Writing What We Know

Its been said over and over again, that writers should write what they know. I do that everyday. But, I am also influenced by other writers. If I am reading a favorite author ideas of my own creep up inside me and I have to jot them down. I also admire other authors works because of the creativity that had been put into their story. When I saw an interview with Stephen King, I couldn’t believe that a lot of his stories stemmed from dreadful periods in his life. On the other hand, you have writers who tell a story from some true incident that actually happened. But, I am sure they changed the names to protect the innocent.

Do you write what you know? What author sparks your creativity? I read a blog that covers what authors were most influential to her. Check out 12Most.com. The article “12 Most Comprehensive Writing Insights From Famous Authors.” I thought his insight on a select few authors and how they inspired her was interesting.

English: Langston Hughes, half-length portrait...

English: Langston Hughes, half-length portrait, seated, facing right, with right hand under chin. (Photo credit: Wikipedia)

12 Most Comprehensive Writing Insights from Famous Authors

Posted by  on Oct 9, 2012 

  • As a writer, can you trace your roots? Just like musicians, we are influenced by the works of others. How much of your mentors do you see in your own writing?

The following are 12 lessons in writing I learned from my favorite authors.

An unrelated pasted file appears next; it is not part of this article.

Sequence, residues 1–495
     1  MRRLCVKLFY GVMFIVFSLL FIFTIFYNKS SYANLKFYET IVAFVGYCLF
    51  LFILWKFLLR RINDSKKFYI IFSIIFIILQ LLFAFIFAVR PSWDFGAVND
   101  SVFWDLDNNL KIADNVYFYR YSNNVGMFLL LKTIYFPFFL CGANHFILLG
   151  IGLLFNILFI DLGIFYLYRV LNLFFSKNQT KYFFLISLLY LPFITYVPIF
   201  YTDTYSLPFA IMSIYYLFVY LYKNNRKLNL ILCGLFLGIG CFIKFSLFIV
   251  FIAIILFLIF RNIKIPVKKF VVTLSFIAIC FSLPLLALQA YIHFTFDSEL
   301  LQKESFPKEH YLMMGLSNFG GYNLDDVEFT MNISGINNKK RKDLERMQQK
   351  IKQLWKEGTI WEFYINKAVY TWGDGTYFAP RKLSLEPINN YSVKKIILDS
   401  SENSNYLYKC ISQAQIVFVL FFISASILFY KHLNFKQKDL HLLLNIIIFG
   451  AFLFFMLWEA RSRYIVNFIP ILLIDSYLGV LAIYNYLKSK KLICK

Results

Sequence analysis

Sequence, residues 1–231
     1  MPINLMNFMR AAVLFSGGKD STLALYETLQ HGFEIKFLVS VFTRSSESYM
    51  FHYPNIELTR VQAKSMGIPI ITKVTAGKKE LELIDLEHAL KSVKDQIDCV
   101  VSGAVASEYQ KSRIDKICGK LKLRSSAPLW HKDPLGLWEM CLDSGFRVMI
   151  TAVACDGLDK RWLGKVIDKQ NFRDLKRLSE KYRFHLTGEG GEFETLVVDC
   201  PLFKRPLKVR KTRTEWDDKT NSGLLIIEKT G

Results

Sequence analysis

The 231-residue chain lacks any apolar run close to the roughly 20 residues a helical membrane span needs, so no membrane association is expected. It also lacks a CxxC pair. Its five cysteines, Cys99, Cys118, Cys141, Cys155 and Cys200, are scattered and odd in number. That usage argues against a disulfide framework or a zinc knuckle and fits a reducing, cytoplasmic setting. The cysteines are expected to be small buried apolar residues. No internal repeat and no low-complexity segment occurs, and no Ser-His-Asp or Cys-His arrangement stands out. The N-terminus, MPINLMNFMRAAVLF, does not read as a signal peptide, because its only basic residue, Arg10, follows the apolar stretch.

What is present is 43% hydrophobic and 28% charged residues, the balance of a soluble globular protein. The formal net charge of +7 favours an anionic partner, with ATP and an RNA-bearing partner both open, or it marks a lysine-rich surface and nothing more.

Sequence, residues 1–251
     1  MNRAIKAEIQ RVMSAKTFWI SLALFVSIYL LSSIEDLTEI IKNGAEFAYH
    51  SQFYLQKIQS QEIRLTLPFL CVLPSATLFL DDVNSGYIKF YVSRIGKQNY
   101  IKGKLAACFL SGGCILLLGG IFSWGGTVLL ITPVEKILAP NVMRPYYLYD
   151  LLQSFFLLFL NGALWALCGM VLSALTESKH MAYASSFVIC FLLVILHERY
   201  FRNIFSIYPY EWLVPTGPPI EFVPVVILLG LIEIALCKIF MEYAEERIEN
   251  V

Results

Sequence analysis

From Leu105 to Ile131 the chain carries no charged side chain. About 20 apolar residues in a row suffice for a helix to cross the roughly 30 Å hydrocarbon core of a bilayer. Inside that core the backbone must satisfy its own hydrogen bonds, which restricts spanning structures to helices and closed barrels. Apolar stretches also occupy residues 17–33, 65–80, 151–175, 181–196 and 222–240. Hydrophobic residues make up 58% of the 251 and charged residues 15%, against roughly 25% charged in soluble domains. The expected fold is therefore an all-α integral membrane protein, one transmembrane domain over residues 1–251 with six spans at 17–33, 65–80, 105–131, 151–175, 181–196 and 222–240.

1. Victor Hugo

Writing was a different type of gig when Hugo was alive. Authors salaries were dependant on length, which may explain why some classics come in at over a 1,000 pages. This could be why Hugo meanders through “Les Miserables” — an excuse to add his personal thoughts on Waterloo, religion, and slang.

2. Sir Aurthur Conan Doyle

Doyle published several short Sherlock Holmes stories in Strand Magazine. The serials were then collected into novels. This approach feels very similar to what I do as a blogger every day. Publishing tid bits of knowledge that can later be collected into anthologies.

3. Judy Blume

Reading “Otherwise Known as Sheila the Great” was the first time I saw a tom boy in literature. Blume’s books spoke to young girls about their fears associated with being teenagers. The young adult market is a big deal and one of the most lucrative for new authors.

4. F. Scott Fitzgerald

I love and despise “The Great Gatsby.” The characters are deeply flawed but the story is well written. A good writer can craft an enduring tale that is not dependant on our attitudes towards the main characters or themes. Read more here.

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